Fighting a State power is difficult, is the belief. But not among the protesting farmers. Will they prove it wrong? The ongoing battle between the farmers and powers-that-be is turning ugly, to say the least. The intense baracading by security forces at the Ghazipur border shocked 15 MPs from 10 Opposition parties, including SAD, NCP, DMK, TMC, NC, RSP and IUML. The team was not allowed to reach the border and was stopped by the police. What made matters worse was what they saw. The fortress-like concrete barriers, barbed wire fencing and metal spikes on the roads, were simply revolting. The andaata, they said were being treated as ‘enemies’ and denied ‘basic rights’, drinking water, toilets, sanitation, electricity and internet service. A similar situation at Singhu and Tikri borders too. Sharing their concern, they raised their voice in Parliament’s ongoing Budget session demanding the government stop making it a ‘prestige issue’ and withdraw the bills. Be that as it may, the government must see the writing on the wall or convince the protestors. It must note that the agitation has found new grounds in Rajasthan, Haryana and Madhya Pradesh with protests spreading to various districts. The brutal State power is instead stirring the farmers’ resolve further!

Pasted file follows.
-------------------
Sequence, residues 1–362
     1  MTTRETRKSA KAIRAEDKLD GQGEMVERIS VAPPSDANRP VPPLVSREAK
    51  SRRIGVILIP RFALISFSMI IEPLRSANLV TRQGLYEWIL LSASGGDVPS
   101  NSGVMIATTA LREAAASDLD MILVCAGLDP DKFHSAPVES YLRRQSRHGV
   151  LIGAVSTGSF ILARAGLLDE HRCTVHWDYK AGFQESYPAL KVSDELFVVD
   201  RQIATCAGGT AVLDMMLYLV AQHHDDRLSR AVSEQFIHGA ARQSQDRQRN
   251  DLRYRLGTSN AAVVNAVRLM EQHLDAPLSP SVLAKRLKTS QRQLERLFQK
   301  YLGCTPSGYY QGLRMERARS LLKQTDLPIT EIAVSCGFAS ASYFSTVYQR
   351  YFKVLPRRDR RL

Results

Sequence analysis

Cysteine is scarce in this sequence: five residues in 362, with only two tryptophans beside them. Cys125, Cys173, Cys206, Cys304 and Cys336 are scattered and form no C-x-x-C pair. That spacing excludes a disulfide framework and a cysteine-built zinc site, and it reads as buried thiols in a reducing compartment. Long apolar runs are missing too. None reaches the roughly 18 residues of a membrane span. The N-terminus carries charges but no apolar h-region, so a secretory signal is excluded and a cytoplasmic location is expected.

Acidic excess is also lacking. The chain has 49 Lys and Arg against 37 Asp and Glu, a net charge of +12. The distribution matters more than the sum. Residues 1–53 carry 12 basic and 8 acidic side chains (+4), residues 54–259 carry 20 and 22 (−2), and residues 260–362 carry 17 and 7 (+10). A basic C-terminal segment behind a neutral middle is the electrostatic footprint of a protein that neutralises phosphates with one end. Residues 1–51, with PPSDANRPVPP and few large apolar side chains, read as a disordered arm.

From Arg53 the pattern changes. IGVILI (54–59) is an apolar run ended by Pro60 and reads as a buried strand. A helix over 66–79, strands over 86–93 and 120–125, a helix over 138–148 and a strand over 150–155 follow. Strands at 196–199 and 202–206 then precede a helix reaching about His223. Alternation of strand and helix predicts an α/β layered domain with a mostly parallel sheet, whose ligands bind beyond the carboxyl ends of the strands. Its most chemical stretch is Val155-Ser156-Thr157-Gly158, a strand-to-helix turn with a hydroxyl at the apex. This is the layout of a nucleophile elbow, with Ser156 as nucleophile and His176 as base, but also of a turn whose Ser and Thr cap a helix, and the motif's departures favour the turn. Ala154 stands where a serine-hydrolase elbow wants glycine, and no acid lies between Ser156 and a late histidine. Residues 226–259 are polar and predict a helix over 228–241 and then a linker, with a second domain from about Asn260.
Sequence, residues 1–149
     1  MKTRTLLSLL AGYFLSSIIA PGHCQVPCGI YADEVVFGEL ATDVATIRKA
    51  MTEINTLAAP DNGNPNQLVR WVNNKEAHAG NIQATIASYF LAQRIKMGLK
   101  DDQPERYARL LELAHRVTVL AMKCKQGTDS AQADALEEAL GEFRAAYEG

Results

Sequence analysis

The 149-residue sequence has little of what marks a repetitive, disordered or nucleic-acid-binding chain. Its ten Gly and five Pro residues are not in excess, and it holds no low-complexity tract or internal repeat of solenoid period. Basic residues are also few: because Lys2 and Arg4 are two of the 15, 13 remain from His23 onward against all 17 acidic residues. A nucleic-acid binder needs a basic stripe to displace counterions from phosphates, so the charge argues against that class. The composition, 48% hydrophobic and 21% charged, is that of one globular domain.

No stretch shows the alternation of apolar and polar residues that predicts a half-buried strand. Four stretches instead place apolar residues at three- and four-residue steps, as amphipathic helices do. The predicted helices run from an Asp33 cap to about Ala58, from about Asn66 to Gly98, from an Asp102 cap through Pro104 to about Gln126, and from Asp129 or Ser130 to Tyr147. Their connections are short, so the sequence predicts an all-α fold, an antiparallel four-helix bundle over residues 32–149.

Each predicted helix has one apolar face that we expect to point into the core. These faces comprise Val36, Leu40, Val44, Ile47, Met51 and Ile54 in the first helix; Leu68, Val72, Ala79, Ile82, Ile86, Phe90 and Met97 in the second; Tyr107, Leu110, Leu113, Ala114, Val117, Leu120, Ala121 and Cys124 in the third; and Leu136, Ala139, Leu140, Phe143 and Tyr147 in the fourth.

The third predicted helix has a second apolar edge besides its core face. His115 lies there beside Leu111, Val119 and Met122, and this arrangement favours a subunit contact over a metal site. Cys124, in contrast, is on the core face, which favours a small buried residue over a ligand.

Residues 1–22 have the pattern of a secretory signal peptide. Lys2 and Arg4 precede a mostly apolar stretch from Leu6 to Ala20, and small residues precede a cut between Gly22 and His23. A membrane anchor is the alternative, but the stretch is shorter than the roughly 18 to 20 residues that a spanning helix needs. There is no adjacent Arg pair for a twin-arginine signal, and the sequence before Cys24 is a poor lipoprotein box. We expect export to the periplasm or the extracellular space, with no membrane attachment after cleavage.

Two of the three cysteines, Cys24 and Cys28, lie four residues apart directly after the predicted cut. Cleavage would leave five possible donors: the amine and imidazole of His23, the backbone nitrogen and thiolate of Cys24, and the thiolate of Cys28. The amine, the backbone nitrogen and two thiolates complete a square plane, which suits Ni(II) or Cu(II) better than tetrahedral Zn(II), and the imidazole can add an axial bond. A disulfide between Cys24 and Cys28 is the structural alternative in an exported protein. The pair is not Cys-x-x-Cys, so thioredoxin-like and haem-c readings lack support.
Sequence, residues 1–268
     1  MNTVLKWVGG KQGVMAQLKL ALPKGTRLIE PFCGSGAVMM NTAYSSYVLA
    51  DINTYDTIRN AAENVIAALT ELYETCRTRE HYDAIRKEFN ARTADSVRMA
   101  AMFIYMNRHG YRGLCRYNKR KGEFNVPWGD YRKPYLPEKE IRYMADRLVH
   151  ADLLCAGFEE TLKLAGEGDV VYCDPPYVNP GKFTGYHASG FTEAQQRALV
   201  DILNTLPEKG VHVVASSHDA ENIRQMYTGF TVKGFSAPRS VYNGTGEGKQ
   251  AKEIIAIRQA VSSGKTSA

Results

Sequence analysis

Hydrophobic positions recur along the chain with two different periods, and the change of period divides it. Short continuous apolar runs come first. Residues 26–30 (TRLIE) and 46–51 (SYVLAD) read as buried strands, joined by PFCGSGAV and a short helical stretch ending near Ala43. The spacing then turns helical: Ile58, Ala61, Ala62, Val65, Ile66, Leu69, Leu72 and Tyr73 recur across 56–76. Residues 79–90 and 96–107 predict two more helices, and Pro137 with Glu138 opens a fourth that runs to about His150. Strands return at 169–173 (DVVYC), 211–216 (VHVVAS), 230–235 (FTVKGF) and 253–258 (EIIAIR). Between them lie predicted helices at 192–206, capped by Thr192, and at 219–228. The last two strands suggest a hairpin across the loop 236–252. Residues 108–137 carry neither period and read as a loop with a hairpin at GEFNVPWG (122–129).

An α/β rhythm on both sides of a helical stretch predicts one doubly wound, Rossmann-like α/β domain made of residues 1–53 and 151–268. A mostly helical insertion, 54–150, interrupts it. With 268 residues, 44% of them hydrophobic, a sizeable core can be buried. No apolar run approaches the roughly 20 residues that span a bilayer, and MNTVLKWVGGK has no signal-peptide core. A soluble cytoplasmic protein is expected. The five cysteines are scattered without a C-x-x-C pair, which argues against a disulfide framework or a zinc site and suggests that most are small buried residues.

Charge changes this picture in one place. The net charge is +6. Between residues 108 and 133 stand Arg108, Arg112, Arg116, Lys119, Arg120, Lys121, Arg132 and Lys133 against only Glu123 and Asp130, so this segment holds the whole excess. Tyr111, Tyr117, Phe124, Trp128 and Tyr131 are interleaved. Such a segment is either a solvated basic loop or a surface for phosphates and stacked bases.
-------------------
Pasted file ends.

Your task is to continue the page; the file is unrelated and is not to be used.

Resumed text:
Regional Vs National Parties